One of the responsibilities of the news media is to set the parameters of acceptable discourse in society. But while media outlets have the unique ability to demarcate what is and isn’t acceptable to print, in doing so, they walk a fine line and risk masking the ugliest – but real – faces of society.

Last week, in the midst of the latest round of deadly violence between Israel and Gaza, The Jerusalem Post printed an op-ed penned by Gilad Sharon, a man who has pushed himself into the public eye solely by virtue of the name and legacy of his father, former Israeli prime minister Ariel Sharon.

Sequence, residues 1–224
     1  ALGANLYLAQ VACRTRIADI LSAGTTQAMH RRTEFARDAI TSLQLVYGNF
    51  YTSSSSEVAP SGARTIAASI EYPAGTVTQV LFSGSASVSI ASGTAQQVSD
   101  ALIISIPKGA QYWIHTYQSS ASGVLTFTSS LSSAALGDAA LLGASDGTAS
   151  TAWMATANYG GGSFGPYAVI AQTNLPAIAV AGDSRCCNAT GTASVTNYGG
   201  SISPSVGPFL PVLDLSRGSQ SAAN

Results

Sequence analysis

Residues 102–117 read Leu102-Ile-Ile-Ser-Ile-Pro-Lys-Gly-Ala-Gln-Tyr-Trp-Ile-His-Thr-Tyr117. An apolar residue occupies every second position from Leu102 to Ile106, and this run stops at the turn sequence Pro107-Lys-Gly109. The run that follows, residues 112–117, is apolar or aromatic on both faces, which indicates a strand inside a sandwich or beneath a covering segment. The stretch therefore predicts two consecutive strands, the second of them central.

In a hyper-nationalist tone, Sharon advocated escalating the limited military operation into what would be the 21st century’s first instance of genocide:

“We need to flatten entire neighborhoods in Gaza. Flatten all of Gaza. The Americans didn’t stop with Hiroshima – the Japanese weren’t surrendering fast enough, so they hit Nagasaki, too.”

There is no need to delve into the plethora of reasons Sharon’s words and ideas are appalling. If he were a man of any influence, his writings might be considered criminal under the Genocide Convention; a cursory reading (more…)